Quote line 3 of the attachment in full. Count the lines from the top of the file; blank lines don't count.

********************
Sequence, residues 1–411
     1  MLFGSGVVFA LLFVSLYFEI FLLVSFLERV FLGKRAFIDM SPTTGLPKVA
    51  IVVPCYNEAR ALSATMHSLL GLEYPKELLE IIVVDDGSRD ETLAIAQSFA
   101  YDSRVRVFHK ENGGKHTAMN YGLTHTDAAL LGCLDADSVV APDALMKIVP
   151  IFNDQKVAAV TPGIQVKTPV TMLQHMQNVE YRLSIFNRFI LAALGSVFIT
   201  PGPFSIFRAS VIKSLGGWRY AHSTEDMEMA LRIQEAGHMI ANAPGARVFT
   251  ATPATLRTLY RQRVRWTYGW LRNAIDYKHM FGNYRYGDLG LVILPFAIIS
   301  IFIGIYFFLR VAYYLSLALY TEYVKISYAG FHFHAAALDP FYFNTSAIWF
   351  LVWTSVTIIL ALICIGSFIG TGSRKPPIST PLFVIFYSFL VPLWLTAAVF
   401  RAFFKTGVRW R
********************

    51  IVVPCYNEAR ALSATMHSLL GLEYPKELLE IIVVDDGSRD ETLAIAQSFA